How Will Comcast Deal Play Out In Social Media?
But tweet they did:
Comcast is buying Time Warner Cable. Now we're gonna see if shit customer service can truly scale. -- @davepell
When Comcast eats up Time-Warner, is the new company just going to be called Monopoly? -- @BastardMachine
Wow, a Comcast/Time Warner merger would create a combined customer service department of well over ten employees. -- @PourMeCoffee
If Comcast buys Time Warner, that means my broadband provider options in Newport Beach will go from 1 to 1. We're so under served. -- @dannysullivan
OK, all that was (very) good for a laugh. But the reason I’m fixated on this merger is because the question must be asked: Does it even matter that the vox populi universally hates the idea of these two companies coming together? Will anything come of it?
Leave it to other columnists to ponder the antitrust ramifications. There are plenty of worthy column inches being devoted to whether the cable companies really have competition since – while they do have more content competition than they used to -- they also often own the pipes that deliver the content more and more people are cutting their cable cord for.
For the purposes of this column, the real question is whether Comcast and Time Warner Cable will hear the consumer disgruntlement over the proposed merger for what it is: the perfect vehicle for expressing general, ongoing, free-floating angst about cable companies, from their ever-growing fees, to the fact they charge for just about everything, to the enduringly lousy customer service.
Now the cable companies, of course, are no fools. They know about their awful reputation. One of the earliest examples of social media-based customer service was @comcastcares (easy to misread as @comcastscares, but that’s another story), and I fully expect the video of the Comcast cable guy falling asleep at someone’s house to once again become a meme. (You may recall that he fell asleep while on hold with Comcast.)
Comcast is not alone; there are plenty of negative sites devoted to Time Warner Cable’s unresponsiveness as well. The website timewarnercableproblems.com has this wonderful explanation about its name: “This website was established in 2009 as timewarneraustinsucks.com. Due to the overwhelming number of complaints against Time Warner, the site was renamed timewarnercableproblems.com in order to serve all of Time Warner's victims, wherever they may be.”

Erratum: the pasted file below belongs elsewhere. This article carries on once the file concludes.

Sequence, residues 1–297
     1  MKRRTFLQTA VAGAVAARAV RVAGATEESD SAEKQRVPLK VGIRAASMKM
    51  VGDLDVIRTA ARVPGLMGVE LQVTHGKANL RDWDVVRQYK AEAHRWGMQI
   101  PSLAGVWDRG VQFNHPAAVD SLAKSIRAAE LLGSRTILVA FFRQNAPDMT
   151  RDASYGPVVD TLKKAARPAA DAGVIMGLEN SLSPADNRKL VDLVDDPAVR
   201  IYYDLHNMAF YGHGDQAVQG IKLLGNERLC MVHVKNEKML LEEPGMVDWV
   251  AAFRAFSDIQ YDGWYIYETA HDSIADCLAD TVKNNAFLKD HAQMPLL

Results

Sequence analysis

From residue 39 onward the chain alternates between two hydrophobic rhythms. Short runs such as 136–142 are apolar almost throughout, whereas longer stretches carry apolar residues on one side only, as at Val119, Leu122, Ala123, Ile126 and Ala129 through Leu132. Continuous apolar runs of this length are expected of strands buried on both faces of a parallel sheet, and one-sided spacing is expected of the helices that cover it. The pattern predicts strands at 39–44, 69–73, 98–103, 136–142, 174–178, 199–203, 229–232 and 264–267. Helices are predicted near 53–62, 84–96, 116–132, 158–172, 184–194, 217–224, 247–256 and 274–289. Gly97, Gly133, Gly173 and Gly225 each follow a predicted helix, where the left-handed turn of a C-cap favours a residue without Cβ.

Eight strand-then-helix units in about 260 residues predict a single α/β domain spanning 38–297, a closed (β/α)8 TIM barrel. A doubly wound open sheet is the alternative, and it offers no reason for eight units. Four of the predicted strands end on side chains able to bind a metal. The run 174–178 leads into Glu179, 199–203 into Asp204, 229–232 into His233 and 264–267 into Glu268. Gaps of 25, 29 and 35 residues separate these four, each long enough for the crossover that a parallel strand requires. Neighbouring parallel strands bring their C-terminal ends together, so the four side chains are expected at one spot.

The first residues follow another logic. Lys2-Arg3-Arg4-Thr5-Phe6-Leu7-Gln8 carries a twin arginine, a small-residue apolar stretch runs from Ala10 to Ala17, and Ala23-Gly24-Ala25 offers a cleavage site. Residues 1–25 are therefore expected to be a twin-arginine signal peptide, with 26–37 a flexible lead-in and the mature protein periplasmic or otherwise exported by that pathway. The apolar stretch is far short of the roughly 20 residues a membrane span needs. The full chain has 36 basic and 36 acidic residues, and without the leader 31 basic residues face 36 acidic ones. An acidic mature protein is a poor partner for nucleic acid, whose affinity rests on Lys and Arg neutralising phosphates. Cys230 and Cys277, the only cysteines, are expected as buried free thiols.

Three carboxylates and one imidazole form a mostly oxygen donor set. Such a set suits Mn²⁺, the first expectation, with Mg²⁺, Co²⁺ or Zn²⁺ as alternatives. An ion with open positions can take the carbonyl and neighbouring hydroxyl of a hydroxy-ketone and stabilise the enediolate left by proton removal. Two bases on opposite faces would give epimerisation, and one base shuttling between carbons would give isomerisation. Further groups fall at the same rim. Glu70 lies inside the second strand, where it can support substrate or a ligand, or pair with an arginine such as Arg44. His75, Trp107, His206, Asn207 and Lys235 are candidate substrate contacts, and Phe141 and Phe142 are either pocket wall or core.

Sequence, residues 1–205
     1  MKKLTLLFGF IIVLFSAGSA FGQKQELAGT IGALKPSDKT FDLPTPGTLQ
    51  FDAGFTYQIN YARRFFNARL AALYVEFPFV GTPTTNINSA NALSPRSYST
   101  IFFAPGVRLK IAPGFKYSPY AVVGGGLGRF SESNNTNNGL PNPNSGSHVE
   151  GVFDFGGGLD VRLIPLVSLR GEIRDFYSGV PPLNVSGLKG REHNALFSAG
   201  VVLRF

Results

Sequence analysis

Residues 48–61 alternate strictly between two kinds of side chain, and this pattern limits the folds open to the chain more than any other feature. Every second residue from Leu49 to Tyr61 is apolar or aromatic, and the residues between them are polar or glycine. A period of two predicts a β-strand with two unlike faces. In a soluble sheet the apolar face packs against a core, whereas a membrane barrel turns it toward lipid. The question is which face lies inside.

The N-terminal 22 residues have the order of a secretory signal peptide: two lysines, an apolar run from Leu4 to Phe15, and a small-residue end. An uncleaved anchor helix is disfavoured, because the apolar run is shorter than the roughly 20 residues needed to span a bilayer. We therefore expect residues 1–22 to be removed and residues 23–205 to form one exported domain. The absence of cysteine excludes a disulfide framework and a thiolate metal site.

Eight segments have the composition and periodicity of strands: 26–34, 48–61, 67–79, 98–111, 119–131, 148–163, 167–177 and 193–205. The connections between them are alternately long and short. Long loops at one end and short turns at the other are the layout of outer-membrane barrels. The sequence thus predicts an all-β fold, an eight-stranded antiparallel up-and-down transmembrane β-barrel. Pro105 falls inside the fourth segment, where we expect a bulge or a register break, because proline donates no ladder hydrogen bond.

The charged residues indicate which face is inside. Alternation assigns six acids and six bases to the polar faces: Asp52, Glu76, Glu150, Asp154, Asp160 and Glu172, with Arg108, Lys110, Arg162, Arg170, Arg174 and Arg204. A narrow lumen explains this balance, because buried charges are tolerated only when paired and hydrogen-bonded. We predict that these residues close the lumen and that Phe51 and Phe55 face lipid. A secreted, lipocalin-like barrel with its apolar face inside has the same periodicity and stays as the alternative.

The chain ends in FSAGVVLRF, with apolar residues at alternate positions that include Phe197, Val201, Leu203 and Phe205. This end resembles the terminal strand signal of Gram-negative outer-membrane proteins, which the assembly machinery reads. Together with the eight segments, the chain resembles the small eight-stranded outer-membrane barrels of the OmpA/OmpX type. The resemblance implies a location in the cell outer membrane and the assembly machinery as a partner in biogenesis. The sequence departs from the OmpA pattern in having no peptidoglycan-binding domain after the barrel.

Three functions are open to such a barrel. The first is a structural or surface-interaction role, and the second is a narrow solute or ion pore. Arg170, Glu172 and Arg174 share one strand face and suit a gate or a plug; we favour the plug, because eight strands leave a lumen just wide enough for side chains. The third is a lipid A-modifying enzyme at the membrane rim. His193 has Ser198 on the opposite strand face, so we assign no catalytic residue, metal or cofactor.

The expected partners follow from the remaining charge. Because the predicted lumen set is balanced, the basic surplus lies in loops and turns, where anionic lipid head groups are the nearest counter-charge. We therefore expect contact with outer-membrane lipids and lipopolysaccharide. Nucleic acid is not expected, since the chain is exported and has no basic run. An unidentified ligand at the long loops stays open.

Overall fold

However, despite being derided by consumers for almost as long as they’ve existed, there’s no sign that cable companies have done much to rehab their reputation. And so far, this merger doesn’t appear to have changed their tune. Comcast officials have responded to concerns that the merger will result in less choice and higher prices by labeling such issues “hysteria.” Gee, guys, thanks for listening!
Still, there is something different here, and it’s not just the usual “the consumer now has a voice” pablum. No, this time, Comcast and TWC will find themselves pleading the case for their merger in front of the Department of Justice, and in that arena the consumers’ voice should matter. It will take an awful lot of convincing to reassure the DOJ and the companies’ customer bases that this really is in their best interest.
How will Comcast and TWC go about doing that? I have no idea. But it doesn’t help that they’ve let their bad reputations fester for so many years, letting the complaints flourish through every digital channel available. And most of it is still somewhere on the Web, for any columnist -- or government regulator -- to see. If this deal gets shot down, both companies may well wish they’d woken up to how they are viewed a long time ago -- but by then, it will be way too late.
(Disclosure: I happily subscribe to Cablevision and have no skin in this game.)